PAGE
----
THE EXPERIENCES OF FOUR RECOVERING ALCOHOLIC WOMEN (ALCOHOLICS ANONYMOUS, FAMILY VIOLENCE, CHILD SEXUAL ABUSE).
by Leslie E. Rice
Published 1995 .
About the Book
This is an ethnographic interview, participant observation study of recovering alcoholic women from AA groups. Each chapter highlights a participant and is devoted to the different aspects of the experiences of recovering women. Thematic analyses are included. Chapter IV concerns the AA group seen as pivotal to the women's recovering. "Humor Saves Us All", "You--You Smelly, Falling Down Drunk--I am the Same as You" and "Getting Sober Like a Man" are some of the emergent themes. Chapter V presents family violence and sexual child abuse in "I kept Secret Some Bad Things That Happen When I Was a Child," "My Childhood Was Chaotic and the Memories are Painful," and "I Wish the Monster Was Dead." In Chapter VI, "I Hate That Face, Hate That Body" and "I Was a Bad Person" depict the struggles of becoming functioning sober women in this society. "I Had to Let Myself Think About My Drinking" is presented as the turning point theme in Chapter VII. Chapter VIII is devoted to the recovering themes. They include: "I Need Some Place to Hang My Hat" which is about the initial introduction to AA; "We Are Comrades United in a Common Therapy" discussing the importance of interactions with those of similar experiences; "Stopping the Drink is Not Enough: The Old Skeletons Are Dancing" expresses participant's amazement at not being problem free women when the alcohol consumption stopped; "I Was Not a Human Being; I Was Just a Human Doing" cites life difficulties as early recovering women; "From Crawling on Bloodied Knees to Standing Tall" presents their need to heal wounds created when drinking; "The God Thing" discusses the difficulty in relating to AA's higher power; "Being Sober is Not Being Recovered," and "I Need Help to Look at the Scary Corners of My Soul" express the need to work the 12 Steps of AA and seek some form of psychotherapy or guidance beyond the AA meetings.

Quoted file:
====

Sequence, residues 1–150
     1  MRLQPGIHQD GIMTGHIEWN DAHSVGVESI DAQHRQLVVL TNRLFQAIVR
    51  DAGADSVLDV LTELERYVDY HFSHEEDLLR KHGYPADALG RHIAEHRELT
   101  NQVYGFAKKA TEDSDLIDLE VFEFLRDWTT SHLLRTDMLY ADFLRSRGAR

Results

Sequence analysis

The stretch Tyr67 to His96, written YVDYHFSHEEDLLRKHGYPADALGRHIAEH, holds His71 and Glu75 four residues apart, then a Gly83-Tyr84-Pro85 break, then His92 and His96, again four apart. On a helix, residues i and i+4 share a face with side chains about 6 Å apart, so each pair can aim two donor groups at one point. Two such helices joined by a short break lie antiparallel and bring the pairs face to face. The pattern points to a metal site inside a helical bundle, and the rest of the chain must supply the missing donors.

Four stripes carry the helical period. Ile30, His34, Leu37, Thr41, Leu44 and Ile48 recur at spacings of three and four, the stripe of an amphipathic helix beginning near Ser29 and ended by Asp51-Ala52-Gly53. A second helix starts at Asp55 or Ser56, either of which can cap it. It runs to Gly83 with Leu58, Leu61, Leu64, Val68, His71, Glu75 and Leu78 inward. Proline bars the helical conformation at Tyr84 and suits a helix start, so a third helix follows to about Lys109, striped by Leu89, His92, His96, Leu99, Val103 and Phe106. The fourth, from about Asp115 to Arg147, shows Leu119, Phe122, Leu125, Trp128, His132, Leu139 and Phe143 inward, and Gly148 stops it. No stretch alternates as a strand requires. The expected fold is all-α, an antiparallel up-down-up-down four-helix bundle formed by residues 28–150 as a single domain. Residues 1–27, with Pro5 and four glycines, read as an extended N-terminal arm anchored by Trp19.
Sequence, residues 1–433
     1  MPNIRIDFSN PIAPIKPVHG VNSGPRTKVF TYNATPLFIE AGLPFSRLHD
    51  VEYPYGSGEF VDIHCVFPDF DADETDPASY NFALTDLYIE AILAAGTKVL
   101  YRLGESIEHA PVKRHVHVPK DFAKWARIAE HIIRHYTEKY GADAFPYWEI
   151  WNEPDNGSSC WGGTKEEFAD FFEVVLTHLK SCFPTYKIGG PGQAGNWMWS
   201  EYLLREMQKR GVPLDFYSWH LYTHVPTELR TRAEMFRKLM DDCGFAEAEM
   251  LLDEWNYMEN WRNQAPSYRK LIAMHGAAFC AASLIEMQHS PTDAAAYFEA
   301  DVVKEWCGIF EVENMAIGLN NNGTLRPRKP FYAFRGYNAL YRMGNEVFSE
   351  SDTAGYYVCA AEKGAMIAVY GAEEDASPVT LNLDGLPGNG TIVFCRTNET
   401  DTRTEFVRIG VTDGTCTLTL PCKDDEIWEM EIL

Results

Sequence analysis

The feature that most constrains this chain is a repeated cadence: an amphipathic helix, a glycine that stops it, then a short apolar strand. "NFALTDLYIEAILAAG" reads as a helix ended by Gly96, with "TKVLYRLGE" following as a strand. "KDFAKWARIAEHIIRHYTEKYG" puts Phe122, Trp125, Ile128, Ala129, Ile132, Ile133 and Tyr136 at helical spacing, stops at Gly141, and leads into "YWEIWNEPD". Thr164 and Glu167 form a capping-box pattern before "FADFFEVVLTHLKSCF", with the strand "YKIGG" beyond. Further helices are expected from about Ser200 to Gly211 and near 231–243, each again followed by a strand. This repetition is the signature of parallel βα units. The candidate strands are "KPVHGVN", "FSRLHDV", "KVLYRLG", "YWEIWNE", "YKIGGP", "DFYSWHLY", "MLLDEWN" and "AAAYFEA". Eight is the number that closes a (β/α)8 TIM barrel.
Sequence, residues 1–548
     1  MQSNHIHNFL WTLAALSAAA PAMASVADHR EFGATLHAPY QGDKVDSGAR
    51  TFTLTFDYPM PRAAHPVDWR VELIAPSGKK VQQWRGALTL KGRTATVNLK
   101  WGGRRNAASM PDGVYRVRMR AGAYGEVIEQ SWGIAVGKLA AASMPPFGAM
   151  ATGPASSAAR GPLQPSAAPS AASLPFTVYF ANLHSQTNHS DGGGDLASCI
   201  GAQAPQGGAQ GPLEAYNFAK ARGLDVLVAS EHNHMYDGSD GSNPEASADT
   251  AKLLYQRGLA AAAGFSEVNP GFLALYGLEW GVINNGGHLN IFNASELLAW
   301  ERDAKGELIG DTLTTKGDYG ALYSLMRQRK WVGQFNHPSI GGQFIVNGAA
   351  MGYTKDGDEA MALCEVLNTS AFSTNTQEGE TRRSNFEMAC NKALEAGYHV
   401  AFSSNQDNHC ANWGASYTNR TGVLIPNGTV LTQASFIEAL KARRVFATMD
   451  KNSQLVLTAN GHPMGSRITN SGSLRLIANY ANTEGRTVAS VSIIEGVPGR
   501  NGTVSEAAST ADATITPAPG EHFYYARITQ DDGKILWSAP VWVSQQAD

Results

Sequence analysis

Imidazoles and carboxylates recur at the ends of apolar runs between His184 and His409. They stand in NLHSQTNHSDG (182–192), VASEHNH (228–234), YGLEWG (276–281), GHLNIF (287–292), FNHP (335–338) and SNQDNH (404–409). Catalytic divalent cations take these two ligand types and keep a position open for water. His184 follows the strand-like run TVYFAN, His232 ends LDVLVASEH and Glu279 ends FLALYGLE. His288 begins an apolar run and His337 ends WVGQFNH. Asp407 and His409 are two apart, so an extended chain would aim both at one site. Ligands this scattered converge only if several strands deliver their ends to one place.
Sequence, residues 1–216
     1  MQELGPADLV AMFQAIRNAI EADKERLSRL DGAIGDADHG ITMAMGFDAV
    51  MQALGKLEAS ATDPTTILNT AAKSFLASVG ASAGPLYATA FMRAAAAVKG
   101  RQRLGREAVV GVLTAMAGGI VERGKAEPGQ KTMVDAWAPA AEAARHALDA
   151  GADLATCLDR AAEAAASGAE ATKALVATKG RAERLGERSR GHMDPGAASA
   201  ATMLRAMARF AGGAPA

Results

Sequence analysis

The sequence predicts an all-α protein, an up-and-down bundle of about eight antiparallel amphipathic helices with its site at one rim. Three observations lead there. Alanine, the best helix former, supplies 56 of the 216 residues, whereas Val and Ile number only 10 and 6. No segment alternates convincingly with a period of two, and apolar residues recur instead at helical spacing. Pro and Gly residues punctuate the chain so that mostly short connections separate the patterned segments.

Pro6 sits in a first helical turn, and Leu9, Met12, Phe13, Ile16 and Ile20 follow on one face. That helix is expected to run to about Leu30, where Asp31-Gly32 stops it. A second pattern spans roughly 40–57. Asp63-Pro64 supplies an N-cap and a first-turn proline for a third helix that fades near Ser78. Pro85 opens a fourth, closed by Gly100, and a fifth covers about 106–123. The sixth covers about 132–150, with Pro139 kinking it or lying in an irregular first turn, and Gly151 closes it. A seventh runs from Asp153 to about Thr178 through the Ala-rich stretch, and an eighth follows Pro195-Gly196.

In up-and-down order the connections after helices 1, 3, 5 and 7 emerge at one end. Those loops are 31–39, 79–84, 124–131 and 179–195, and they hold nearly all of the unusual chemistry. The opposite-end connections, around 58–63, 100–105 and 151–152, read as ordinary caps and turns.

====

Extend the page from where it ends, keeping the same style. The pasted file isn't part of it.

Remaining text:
Implications for practice are that in order for these women to successfully travel through recovering they must confront the trauma of childhood experiences.
Source: Dissertation Abstracts International, Volume: 56-10, Section: B, page: 5423.
Thesis (PH.D.)--NEW YORK UNIVERSITY, 1995.
School code: 0146.
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